Because the houselights do not dim at New York's American Place Theater as the Organic Theater Company's Bleacher Bums begins, the audience is caught off guard by a wiry, middle-aged woman in a blue hairnet who appears in its midst and hollers, "Herb! Herb Zigkowski!" in the flattest Midwestern accent ever heard east of Lake Michigan.
While the theatergoers are trying to decide whether the woman is a member of the cast or some nut who wandered in off Sixth Avenue, their attention is abruptly drawn to the stage, where, suddenly, a buxom blonde in cutoffs and little else is settling down in what is supposed to be the rightfield bleachers at Wrigley Field, home of the Chicago Cubs, pennantless for 31—going on 32—years.
The blonde is Melody King (played by Roberta Custer), a hostess in a restaurant called Jonathan Livingston Seafood, and she has come to Wrigley Field to sunbathe. As she spreads her towel and slathers herself with orange-colored axle grease, the regulars begin to arrive: Greg, (Michael Saad) a good-natured blind man with a transistor radio to his ear; Zig (Dennis Franz), a 30-year veteran of the Wrigley bleachers shown above with his long-suffering wife Rose (Carolyn Purdy-Gordon); Richie (Ian Williams), a harmless halfwit; Decker (Jack Wallace), a gambler whose heart is where his brain should be; Marvin (Richard Fire), a gambler who has no heart at all; and a hyperactive adolescent (Keith Szarabajka), called only "that kid," whose talents for outfielder-baiting are nonpareil. "We'll make him climb the vines," he boasts as he prepares to unload on the opposition's rightfielder, Mike Anderson.
The time is midsummer 1977, and the unseen game is against the St. Louis Cardinals. "We tried to create a prototypical Cubs game, the most frustrating game we could dream up," says Stuart Gordon, the play's director and founder of the 9-year-old Chicago-based Organic Theater Company. Lest Bleacher Bums be robbed of its drama, the outcome of that game will not be disclosed here, but anyone who has been even a casual Cubs fan has a pretty good idea of how it winds up.
June 18, 1978
The play was a hit in Chicago last year, a hit in what is known in New York as Off-Off-Broadway this spring, and has now moved uptown to the American Place, the big time of experimental theater. The Bleacher Bums script was derived from a combination of eavesdropping and improvisation. At the suggestion of Joe Mantegna, a company member who is a Wrigley Field regular, the actors spent last summer in the bleachers observing the natives and, in the manner of anthropologists, tape-recording their chatter. Then, inning by inning, they improvised the show, saving what worked, discarding what didn't. Some of the characters are composites, some are based on real fans, but all—except Marvin—are lovable lunatics who live on hope and bet on anything that moves.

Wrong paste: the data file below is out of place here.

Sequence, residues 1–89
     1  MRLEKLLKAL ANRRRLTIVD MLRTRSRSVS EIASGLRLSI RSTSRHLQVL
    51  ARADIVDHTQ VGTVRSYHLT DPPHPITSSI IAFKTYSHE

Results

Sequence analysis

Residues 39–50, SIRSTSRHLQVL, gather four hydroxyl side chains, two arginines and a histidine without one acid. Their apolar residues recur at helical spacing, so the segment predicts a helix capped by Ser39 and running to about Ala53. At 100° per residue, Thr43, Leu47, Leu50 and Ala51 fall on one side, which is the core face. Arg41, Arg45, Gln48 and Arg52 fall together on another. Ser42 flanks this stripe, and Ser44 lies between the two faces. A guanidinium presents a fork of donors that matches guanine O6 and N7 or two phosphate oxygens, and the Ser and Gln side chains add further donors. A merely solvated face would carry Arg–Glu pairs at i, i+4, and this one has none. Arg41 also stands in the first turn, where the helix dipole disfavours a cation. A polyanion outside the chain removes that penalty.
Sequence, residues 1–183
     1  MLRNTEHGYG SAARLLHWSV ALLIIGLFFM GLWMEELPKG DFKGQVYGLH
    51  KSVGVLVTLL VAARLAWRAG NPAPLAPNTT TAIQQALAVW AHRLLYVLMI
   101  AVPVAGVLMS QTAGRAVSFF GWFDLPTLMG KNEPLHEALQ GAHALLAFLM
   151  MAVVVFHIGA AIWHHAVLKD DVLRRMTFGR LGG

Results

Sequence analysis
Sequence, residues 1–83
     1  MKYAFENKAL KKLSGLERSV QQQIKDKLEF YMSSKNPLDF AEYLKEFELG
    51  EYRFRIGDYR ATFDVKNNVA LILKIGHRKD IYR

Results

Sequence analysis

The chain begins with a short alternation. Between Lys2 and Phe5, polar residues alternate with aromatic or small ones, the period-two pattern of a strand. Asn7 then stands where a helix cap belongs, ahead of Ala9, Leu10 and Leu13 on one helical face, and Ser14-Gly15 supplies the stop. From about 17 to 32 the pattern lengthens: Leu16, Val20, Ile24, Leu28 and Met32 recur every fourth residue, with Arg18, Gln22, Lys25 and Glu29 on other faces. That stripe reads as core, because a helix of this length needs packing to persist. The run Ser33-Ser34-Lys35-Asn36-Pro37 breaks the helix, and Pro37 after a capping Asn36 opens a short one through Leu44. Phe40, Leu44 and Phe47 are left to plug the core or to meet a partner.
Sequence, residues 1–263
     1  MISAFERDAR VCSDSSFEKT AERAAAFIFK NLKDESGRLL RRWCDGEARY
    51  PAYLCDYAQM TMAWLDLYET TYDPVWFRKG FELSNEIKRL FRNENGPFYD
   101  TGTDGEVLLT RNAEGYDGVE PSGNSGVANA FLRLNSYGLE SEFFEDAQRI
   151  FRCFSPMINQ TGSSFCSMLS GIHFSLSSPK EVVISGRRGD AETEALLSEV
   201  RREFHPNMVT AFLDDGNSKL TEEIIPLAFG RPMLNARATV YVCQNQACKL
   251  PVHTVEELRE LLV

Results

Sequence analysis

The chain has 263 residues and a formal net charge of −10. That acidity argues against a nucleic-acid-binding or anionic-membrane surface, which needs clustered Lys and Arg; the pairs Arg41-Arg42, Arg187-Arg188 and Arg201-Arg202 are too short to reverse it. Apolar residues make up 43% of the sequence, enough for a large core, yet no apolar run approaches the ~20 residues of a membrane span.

Zig roars and bets, Richie drools and bets, Decker sweats and bets, Marvin wheedles and needles and bets. Greg provides the play-byplay via his transistor radio, with the blonde as his color person, "that kid" shrieks insanely, and Rose—the one in the blue hairnet who has come to the park to save Zig from himself—reveals herself as an apt pupil of Jack Brickhouse, the Cubs' TV announcer. "Actually, Herb, it was a split-finger fastball," she says smugly, squashing her A's to perfection.
Bleacher Bums has no plot to speak of; the game provides as much structure and forward movement as is necessary. Laughter is the object, and the laughs the play provokes are of the best kind. They rise, seemingly effortlessly, out of deft characterization and logical—well, almost logical—situations.
Marvin, of course, winds up with all the money, but by and large the nice guys win in the end. Zig and Rose even arrive at an understanding. "This little lady I wun't trade for nuttin'," he says. "I wun't trade her for De-Jesus down there." Finally, Greg, the blind man, delivers himself of a triumphant fantasy in which the Cubs win the World Series in the 23rd inning of the seventh game against the White Sox. Ernie Banks, who has been brought out of retirement, knocks in the clincher with a homer into Greg's lap.
"And now," he says, standing and snapping his white cane into position, "I am going to walk Miss King to the El."